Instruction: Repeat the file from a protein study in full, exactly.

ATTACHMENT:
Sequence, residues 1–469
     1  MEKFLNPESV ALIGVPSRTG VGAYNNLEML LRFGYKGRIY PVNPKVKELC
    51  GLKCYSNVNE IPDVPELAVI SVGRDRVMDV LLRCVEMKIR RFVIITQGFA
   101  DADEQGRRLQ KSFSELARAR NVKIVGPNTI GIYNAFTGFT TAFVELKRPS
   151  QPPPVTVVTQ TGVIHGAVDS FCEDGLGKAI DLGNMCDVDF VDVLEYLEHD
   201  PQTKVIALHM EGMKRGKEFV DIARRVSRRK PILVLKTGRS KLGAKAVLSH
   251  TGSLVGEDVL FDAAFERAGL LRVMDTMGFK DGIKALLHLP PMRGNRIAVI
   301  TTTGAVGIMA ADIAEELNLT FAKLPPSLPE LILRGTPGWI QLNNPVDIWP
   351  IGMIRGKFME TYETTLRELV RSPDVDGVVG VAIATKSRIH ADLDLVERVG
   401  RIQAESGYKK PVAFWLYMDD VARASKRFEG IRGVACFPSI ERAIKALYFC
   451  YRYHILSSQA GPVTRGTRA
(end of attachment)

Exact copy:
Sequence, residues 1–469
     1  MEKFLNPESV ALIGVPSRTG VGAYNNLEML LRFGYKGRIY PVNPKVKELC
    51  GLKCYSNVNE IPDVPELAVI SVGRDRVMDV LLRCVEMKIR RFVIITQGFA
   101  DADEQGRRLQ KSFSELARAR NVKIVGPNTI GIYNAFTGFT TAFVELKRPS
   151  QPPPVTVVTQ TGVIHGAVDS FCEDGLGKAI DLGNMCDVDF VDVLEYLEHD
   201  PQTKVIALHM EGMKRGKEFV DIARRVSRRK PILVLKTGRS KLGAKAVLSH
   251  TGSLVGEDVL FDAAFERAGL LRVMDTMGFK DGIKALLHLP PMRGNRIAVI
   301  TTTGAVGIMA ADIAEELNLT FAKLPPSLPE LILRGTPGWI QLNNPVDIWP
   351  IGMIRGKFME TYETTLRELV RSPDVDGVVG VAIATKSRIH ADLDLVERVG
   401  RIQAESGYKK PVAFWLYMDD VARASKRFEG IRGVACFPSI ERAIKALYFC
   451  YRYHILSSQA GPVTRGTRA